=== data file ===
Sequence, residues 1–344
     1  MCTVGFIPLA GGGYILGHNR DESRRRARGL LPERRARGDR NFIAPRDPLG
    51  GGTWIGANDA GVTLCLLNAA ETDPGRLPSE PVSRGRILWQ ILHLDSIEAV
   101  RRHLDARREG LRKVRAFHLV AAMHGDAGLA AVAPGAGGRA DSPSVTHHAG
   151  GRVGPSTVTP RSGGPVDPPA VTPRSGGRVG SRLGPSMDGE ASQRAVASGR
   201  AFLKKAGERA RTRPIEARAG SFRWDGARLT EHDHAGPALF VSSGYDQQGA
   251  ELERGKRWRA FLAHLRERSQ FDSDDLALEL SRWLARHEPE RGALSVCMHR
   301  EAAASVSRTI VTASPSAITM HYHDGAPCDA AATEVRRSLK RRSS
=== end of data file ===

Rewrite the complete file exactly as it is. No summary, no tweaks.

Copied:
Sequence, residues 1–344
     1  MCTVGFIPLA GGGYILGHNR DESRRRARGL LPERRARGDR NFIAPRDPLG
    51  GGTWIGANDA GVTLCLLNAA ETDPGRLPSE PVSRGRILWQ ILHLDSIEAV
   101  RRHLDARREG LRKVRAFHLV AAMHGDAGLA AVAPGAGGRA DSPSVTHHAG
   151  GRVGPSTVTP RSGGPVDPPA VTPRSGGRVG SRLGPSMDGE ASQRAVASGR
   201  AFLKKAGERA RTRPIEARAG SFRWDGARLT EHDHAGPALF VSSGYDQQGA
   251  ELERGKRWRA FLAHLRERSQ FDSDDLALEL SRWLARHEPE RGALSVCMHR
   301  EAAASVSRTI VTASPSAITM HYHDGAPCDA AATEVRRSLK RRSS